I’m trying to get educated on the basics of the US economy but it’s hard. I read financial news online but I keep feeling completely baffled. Take this article in the NYTimes, for example:
The Obama administration is considering further actions to strengthen the housing market, but the bar is high: plans must help a broad swath of homeowners, stimulate the economy and cost next to nothing. One proposal would allow millions of homeowners with government-backedmortgages to refinance them at today’s lower interest rates, about 4 percent, according to two people briefed on the administration’s discussions who asked not to be identified because they were not allowed to talk about the information.
Low mortgage interest rates are also referred to as “the Federal Reserve’s most important economic policy response.”
I’m just not getting this, people. It is obvious to everybody, I believe, that the housing prices in the US are ridiculously over-inflated. When I discovered how much an ugly, old little bungalow in a high-crime area of Connecticut cost, I almost choked. The only reason why these cardboard buildings are selling for these high prices (even after the crisis) is because people manufacture completely unsustainable, fictitious ways to pretend they can afford them.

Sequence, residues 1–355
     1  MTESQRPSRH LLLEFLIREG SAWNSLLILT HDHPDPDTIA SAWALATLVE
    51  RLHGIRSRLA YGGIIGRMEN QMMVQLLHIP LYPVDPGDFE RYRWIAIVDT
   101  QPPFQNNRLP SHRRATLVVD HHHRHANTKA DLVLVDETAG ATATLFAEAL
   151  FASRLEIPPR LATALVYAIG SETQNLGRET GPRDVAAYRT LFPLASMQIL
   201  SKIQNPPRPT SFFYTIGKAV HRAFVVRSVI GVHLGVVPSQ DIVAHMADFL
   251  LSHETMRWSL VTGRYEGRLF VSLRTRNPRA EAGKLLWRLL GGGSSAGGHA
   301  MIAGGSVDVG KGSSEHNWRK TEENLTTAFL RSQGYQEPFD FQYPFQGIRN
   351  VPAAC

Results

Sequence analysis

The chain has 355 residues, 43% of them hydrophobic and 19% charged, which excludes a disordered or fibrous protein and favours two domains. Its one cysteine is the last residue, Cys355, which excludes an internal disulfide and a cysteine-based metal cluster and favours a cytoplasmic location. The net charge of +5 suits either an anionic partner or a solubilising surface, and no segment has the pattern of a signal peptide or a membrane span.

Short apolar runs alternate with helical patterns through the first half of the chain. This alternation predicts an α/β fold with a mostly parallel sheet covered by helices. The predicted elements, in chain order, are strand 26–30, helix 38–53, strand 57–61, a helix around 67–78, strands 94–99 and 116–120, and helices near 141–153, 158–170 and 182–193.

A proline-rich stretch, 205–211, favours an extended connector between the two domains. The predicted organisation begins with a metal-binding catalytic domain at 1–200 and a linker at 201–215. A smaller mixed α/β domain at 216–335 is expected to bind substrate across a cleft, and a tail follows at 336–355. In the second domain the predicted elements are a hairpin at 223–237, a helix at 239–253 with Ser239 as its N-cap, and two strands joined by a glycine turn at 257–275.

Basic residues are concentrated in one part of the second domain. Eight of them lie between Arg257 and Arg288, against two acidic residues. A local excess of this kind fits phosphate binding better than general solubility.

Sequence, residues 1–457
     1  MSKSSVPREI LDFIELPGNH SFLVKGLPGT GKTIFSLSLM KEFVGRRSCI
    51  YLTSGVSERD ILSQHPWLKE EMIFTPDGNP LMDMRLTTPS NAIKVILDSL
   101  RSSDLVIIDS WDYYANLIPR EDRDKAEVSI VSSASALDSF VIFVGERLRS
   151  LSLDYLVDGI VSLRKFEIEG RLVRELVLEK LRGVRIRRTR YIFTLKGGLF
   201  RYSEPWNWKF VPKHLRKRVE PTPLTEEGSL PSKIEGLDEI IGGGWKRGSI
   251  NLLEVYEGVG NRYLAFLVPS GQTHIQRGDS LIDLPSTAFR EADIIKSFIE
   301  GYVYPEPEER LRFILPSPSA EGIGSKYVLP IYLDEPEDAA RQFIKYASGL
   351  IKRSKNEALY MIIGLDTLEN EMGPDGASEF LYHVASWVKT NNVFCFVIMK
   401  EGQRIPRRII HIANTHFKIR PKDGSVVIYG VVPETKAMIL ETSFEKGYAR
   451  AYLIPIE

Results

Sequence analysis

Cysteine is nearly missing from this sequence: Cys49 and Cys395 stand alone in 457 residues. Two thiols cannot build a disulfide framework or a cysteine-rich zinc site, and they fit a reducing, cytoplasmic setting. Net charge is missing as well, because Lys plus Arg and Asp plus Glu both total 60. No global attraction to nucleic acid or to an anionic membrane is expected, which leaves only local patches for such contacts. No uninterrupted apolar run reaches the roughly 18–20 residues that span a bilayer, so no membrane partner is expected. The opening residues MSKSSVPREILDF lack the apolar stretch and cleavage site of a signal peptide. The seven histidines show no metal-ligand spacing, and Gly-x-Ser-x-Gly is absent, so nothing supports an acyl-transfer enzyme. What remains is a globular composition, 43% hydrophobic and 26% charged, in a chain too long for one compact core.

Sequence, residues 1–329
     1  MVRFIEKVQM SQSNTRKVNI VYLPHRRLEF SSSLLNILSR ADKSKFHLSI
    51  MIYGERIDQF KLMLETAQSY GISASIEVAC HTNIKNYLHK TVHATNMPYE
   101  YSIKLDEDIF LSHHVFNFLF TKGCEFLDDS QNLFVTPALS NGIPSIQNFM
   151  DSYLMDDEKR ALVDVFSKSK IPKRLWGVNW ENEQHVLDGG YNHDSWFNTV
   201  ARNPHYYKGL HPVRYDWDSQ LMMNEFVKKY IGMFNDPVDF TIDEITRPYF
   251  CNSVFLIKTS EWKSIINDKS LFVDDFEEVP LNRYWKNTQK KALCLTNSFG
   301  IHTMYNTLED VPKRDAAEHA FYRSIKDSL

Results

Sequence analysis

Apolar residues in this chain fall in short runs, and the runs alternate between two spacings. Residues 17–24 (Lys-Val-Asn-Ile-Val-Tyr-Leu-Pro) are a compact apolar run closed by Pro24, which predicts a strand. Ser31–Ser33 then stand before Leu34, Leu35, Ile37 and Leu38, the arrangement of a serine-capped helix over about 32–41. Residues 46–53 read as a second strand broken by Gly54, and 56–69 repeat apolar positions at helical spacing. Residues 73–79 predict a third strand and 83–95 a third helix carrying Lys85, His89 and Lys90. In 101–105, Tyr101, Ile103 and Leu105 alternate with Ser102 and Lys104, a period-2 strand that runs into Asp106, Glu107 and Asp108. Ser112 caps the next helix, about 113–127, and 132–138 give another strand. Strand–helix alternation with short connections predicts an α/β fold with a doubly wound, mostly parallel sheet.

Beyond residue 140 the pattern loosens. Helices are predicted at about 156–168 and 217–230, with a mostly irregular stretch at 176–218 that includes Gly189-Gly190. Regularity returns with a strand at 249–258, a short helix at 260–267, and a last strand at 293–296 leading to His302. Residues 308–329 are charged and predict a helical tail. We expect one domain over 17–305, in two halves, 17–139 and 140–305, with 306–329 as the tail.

If I haven’t misunderstood this article, it seems to be saying that the Federal Reserve is artificially keeping mortgage rates low. (If I’m mistaken on this, please correct me.) As a result, more people will take on debt they can’t realistically shoulder. Then, eventually, when the government discovers that it can’t sustain this financial burden any longer, it will release the mortgage rates. They will go up, and we’ll have yet another round of this crisis.
Now take the following part of the article:
Some officials fear that promoting mass refinancings today could spook investors and make borrowing more expensive, for both homeowners and the federal government, in the future.
The government has already encouraged some refinancing through the Federal Housing Administration and through Fannie and Freddie, but participation is limited. For example, the Home Affordable Refinance Program excludes homeowners who owe more than 125 percent of the value of their house. To spur more refinancing, the government may decide to encourage Fannie and Freddie to lift such restrictions.
Why is the government “spurring refinancing”? How is it a good thing to have people get further and further into debt? Isn’t it more reasonable to realize that home ownership has become a luxury in today’s economy? That it’s the same kind of a luxury as, say, buying a yacht? And that people who can’t afford to buy a house simply shouldn’t? (As one of such people, I really don’t see a problem with that. I’m also a person who will never take out a mortgage because I find the concept extremely daunting.)
I understand that owning a home has been part of the American dream for a while. But this part of the dream has become unsustainable. What’s the point in paying collectively through what is nothing but a pipe dream of many?
As I said, I’m only beginning to educate myself on this, so I’m very willing to accept other explanations. Unless, of course, they are of the “everybody deserves to own their home” variety.